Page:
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You should always elect benefits during open enrollment to ensure you get the coverage you need. However, once you make your elections through a cafeteria or Section 125 plan, you are unable to change your elections until the plan year ends. But sometimes qualified life events occur, allowing you to change your elections outside of the standard enrollment period.

How Do I Qualify?

While you are generally only allowed to change your benefits elections during the open enrollment period each year, certain life events provide an exception. Those life events allow you to change your benefits elections in the middle of the plan year if certain requirements are met.

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Common Qualifying Events

  • Change in status (e.g., marital status, number of dependents and employment status)
  • Significant cost changes
  • Significant curtailment of coverage
  • Change in coverage under the employer’s plan
  • Addition or significant improvement of benefits package option
  • FMLA leaves of absence
  • COBRA qualifying events
  • HIPAA special enrollment events
  • Medicare or Medicaid entitlement

Some qualified life events may depend on a specific plan’s terms.

Qualifying Life Event Changes and Required Documentation

Change in Legal Marital Status
Required Documentation
Marriage Marriage certificate
Divorce/annulment Divorce decree/court ruling for annulment
Legal Separation Court order verifying legal separation
Death of Spouse Death certificate
Divorce/annulment Divorce decree/court ruling for annulment
Change in Number of Dependents
Required Documentation
Birth Birth certificate
Death Death certificate
Adoption/placement for adoption Court order for adoption/placement for adoption
Gain or Loss Eligibility for Other Group Coverage (HIPAA special enrollment)
Required Documentation
Group health plan Documentation from plan or issuer regarding change in eligibility (with effective date)
Change in Employment Status of Employee or Spouse
Required Documentation
Loss of employment Termination documents or unemployment
Start of employment Employer documentation of employment start date
Change in worksite Employer documentation showing change and impact on eligibility
Leave of absence Employer documentation stating employee has commenced or returned from leave
Change in Place of Residence
Required Documentation
Change in place of residence of the employee, spouse or dependent that affects HMO eligibility Documents indicating how change in residence affects employee eligibility
Employee, spouse, or dependent becomes covered under Medicare or Medicaid, or loses eligibility for his or her Medicare or Medicaid coverage (including coverage under a state Children’s Health Insurance Program or CHIP) Government verification that coverage was gained or lost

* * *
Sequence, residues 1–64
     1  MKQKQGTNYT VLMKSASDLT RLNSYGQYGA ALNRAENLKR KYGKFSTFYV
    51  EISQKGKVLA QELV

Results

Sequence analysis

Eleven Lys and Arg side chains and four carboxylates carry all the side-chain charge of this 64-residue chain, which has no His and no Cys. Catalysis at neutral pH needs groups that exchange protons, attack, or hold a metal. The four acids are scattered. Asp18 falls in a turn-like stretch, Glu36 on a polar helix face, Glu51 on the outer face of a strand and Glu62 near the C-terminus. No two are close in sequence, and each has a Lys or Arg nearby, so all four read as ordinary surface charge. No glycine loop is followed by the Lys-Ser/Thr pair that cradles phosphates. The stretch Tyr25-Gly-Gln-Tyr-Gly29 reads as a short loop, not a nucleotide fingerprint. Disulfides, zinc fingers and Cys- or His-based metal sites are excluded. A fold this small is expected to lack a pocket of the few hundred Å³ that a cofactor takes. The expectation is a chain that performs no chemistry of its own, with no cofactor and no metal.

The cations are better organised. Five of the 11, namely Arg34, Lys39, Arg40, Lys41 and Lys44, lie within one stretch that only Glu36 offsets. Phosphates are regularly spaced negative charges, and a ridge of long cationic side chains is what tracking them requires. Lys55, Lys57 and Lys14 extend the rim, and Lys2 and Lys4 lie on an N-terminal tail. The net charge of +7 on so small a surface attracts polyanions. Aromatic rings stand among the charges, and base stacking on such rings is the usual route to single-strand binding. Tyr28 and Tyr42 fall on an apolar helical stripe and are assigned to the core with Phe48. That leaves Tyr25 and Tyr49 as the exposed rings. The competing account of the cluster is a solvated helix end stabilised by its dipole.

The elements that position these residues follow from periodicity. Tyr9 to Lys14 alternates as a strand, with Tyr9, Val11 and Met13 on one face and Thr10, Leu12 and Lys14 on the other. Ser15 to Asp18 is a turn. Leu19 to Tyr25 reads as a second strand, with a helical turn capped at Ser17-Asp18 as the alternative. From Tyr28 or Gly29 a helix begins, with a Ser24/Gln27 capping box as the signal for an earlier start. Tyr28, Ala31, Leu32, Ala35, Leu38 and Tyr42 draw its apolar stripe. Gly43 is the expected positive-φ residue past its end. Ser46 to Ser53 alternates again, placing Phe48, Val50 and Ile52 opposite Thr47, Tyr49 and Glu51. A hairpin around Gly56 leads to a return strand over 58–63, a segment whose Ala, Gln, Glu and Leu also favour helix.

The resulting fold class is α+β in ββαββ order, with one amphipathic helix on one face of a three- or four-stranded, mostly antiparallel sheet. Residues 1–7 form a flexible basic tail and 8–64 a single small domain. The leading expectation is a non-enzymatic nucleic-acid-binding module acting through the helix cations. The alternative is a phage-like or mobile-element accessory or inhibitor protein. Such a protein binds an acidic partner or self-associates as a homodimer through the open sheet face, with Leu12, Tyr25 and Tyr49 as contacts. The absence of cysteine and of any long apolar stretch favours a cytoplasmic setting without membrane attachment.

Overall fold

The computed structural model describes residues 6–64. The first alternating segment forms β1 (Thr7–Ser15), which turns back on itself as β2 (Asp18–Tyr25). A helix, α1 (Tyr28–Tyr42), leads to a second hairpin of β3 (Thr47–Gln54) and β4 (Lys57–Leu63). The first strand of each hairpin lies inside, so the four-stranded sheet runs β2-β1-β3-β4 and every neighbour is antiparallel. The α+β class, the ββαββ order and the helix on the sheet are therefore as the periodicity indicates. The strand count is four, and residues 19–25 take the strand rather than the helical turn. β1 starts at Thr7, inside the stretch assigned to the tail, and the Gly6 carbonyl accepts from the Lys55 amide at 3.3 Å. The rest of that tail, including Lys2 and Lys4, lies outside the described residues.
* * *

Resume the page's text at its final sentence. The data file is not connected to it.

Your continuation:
Changes in Coverage
Required Documentation
Significant cost increases N/A
Significant curtailment of coverage N/A
Addition or significant improvement of benefits package option N/A
Change in coverage under other employer plan Documentation from employer showing change in coverage
Loss of health coverage sponsored by governmental or educational institution Government verification of loss of eligibility
Required Documentation
Change of custody, judgement, court order or decree requiring health coverage N/A
COBRA qualifying event N/A
FMLA leave N/A
Eligibility for premium assistance subsidy through a Medicaid plan or CHIP Government verification of eligibility for subsidy (with effective date)
Exchange enrollment Employee representation regarding enrollment in a plan under an exchange
Reduction in hours of service to less than 30 hours without loss of eligibility N/A


Typically, open enrollment is the short period of time when you can enroll in or make changes to your employee benefits selection. Outside of open enrollment, you often cannot make changes to your benefits until the next open enrollment period.

One exception to this rule is if you experience a life-changing qualifying event that would trigger a special enrollment period. Events such as getting married or divorced, having or adopting children, or losing eligibility for other health coverage can trigger special enrollment rights. Be sure to carefully review plan documents during open enrollment to choose the best benefits offerings for you.

Connect with a UNICO Employee Benefits Advisor for more information.